Books

There’s nothing like crime fiction involving a butler to take you back to the Golden Age, the inspiration for so many cosy crime novels. So we’ll start this week’s new books report with the latest from Cathy Ace, then migrate into psychological thrillers, detective crime fiction and perhaps even hopscotch over to some true crime
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Mark Coggins’s new Tokyo-based crime novel, Geisha Confidential, features middle-aged San Francisco-based private investigator August Riordan, who has appeared in a number of previous books in this award-winning series. Read this fast-paced story, and you’ll barely have time to feel the jet lag. Almost as soon as Riordan’s plane lands, trouble starts. He’s made the
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There’s truth to the adage write what you know. New Zealand author Tom Baragwanath follows this advice by setting his debut novel in Masterton, where he’s from, resulting in a strong and authentic sense of place. On the other end of the spectrum, he defies it by using a female protagonist and creating an utterly
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Billie Walker does not want to accept that she is a war widow, even though it has been a couple of years since she last saw her husband. Nor does she have any intention of working as a reporter for the society pages. She enjoyed being a war correspondent in Europe and working side by
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There seems to have been a spike in the number of ex-intelligence officers writing espionage novels recently – and they know what they’re talking about. Among them are David McCloskey and IS Berry in America, and James Wolff and Charles Beaumont in Britain. Dark Arena is slightly different, with former airforce pilot and DGSE officer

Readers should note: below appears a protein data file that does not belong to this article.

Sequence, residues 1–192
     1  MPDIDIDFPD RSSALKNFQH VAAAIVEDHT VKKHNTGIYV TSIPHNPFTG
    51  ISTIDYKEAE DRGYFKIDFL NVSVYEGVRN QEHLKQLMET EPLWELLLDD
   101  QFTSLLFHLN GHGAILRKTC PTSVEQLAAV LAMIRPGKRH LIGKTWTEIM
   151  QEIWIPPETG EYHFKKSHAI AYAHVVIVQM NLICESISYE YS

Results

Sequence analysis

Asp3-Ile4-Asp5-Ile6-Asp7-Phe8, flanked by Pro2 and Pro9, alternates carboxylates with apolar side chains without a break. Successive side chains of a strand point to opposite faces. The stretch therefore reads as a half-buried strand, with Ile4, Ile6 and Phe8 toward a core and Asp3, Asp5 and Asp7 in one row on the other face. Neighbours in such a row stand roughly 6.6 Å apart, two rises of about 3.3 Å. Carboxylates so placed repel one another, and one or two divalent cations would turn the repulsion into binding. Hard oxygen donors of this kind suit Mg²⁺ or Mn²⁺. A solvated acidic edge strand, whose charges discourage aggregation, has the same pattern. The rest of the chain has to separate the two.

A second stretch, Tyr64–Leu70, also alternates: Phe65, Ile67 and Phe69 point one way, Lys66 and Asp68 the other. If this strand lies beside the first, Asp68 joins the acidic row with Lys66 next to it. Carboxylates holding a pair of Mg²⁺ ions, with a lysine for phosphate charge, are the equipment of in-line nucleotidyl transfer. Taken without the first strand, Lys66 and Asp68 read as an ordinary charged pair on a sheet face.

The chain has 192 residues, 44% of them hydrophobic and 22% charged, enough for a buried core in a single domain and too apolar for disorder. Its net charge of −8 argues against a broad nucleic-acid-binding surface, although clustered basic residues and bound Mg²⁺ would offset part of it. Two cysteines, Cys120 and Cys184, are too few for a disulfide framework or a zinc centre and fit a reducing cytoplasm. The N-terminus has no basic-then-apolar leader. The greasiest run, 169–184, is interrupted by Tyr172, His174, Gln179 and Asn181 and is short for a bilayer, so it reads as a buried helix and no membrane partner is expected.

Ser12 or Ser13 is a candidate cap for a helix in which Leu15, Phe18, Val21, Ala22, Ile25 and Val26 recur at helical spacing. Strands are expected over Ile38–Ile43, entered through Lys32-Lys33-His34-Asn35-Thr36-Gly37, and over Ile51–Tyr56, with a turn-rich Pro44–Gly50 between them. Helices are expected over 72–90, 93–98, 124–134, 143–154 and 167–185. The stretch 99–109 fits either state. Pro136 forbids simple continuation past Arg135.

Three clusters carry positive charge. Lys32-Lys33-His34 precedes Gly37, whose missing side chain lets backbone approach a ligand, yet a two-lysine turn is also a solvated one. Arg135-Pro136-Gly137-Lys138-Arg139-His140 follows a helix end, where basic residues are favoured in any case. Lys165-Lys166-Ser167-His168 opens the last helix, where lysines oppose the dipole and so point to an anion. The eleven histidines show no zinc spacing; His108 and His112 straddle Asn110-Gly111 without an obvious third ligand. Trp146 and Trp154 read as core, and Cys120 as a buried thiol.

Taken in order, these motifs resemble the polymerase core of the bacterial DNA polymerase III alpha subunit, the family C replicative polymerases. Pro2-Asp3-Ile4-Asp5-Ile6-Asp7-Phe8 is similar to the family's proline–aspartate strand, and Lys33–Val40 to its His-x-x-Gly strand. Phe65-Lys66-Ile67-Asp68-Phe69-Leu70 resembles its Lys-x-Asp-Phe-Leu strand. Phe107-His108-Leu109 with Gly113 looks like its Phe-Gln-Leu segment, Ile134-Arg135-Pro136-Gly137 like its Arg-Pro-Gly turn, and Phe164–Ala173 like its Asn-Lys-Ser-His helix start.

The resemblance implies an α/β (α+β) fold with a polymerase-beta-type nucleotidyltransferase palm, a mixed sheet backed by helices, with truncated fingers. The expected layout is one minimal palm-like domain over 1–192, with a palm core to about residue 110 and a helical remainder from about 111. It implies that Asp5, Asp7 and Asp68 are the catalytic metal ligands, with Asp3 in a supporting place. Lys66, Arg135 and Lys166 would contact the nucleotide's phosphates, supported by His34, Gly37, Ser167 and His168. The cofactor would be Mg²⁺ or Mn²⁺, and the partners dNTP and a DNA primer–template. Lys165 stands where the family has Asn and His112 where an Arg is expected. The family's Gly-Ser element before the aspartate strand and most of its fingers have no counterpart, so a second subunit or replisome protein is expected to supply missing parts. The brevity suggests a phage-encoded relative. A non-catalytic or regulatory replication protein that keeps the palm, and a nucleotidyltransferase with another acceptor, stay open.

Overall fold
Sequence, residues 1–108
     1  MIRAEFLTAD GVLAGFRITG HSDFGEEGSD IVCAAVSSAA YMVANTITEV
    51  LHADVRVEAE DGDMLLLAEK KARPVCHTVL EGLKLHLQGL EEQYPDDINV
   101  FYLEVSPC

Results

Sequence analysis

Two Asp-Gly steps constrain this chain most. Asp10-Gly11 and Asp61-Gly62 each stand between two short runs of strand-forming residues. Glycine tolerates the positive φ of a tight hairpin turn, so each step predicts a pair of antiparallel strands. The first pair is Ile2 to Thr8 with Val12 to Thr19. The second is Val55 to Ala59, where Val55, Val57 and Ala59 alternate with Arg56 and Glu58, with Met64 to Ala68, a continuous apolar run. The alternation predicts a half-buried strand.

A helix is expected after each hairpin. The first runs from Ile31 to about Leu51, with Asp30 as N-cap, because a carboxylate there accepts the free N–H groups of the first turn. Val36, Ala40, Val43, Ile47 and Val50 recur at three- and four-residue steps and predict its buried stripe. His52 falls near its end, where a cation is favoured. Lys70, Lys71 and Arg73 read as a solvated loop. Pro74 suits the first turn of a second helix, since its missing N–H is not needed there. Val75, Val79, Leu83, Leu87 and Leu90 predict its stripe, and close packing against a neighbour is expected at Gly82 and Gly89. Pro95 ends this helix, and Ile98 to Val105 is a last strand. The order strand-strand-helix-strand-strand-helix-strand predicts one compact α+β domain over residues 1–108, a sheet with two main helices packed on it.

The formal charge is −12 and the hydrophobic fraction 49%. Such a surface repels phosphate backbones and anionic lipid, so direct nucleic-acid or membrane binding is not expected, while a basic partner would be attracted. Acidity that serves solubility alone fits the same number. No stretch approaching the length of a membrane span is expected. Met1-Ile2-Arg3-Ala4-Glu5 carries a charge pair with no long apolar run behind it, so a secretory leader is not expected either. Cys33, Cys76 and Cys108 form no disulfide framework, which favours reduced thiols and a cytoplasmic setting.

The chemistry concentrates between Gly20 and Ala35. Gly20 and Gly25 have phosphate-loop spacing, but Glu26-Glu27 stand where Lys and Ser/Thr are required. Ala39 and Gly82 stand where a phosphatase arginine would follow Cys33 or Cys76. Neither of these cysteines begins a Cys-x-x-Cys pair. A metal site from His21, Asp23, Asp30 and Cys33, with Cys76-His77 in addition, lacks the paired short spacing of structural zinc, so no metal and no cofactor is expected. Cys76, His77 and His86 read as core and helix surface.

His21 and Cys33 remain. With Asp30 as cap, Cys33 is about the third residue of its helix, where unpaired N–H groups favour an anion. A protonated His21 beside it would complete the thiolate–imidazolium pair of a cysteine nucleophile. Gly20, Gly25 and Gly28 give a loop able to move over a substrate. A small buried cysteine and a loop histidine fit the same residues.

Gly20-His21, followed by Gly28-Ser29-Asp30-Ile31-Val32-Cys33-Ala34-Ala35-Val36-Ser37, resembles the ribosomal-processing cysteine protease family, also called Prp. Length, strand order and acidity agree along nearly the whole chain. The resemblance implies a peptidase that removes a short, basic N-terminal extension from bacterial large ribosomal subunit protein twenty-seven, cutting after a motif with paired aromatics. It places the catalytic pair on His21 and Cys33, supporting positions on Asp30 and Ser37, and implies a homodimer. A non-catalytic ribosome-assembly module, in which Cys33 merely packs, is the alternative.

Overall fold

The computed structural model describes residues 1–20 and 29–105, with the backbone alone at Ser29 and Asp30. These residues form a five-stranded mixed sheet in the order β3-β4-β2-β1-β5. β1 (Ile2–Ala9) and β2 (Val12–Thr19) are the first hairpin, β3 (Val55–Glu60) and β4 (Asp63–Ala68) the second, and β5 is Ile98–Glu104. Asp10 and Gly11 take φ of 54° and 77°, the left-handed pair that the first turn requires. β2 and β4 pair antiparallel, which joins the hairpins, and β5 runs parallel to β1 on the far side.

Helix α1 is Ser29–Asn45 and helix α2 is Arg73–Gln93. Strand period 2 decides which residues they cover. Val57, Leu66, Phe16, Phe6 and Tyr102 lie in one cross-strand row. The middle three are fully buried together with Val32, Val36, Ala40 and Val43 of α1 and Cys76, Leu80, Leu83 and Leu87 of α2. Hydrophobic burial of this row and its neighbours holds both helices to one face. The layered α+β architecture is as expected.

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This originally appeared in our Today in Books daily newsletter, where each day we round up the most interesting stories, news, essays, and other goings on in the world of books and reading. Sign up here if you want to get it. __________________________________ Saturday Night Live Skewers Truman Capote I haven’t been watching the confusingly
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Although some people liken it to Nordic noir due to the latitude, Alaskan crime fiction has its own vibes and tropes. In some ways, it’s like that 90s TV show Northern Exposure, with murder thrown in. Quirky and dark. The cold is a killer, the wilderness is a killer, some of the people are pretty
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It’s common practice among many publishers to leave translators’ bylines off book covers—an act of erasure that reinforces the widely held belief that original texts are sacred and thus superior to any translation. Jennifer Croft, who is best known for her translations of Nobel Prize-winning Polish author Olga Tokarczuk’s books, is challenging readers and critics
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Murder and Mamon is the fourth book in the Tita Rosie’s Kitchen Mystery series by Mia P Manansala. It is a delightful culinary cosy mystery about Lila Macapagal, a baker and amateur detective. Lila is passionate about food, family and friends. Should anything happen to her family or friends, Lila will happily step into her
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A bookshop becomes an inspiration for transformation in this thought-provoking tale by author and essayist Hwang Bo-reum. After she burns out from her intense career and divorces her controlling husband, Yeongju decides to find emotional fulfillment by pursuing her childhood dream of owning a bookshop. Although she finds the business aspect of running a bookshop
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Welcome to Today in Books, where we report on literary headlines at the intersection of politics, culture, media, and more. It Feels Like a Lot Because It Is a Lot If your latest scroll through the Netflix menu left you feeling like every other option was based on a book, you’re not super wrong. Nearly one-third
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Don’t know about you, but I, for one, am intrigued to see Oscar Wilde’s the ageless Dorian Gray appear in a crime novel alongside Sherlock Holmes. Wow! The Classified Dossier has finally been revealed by crime author Christian Klaver and it looks like the perfect distraction from the cost of living crisis, climate change and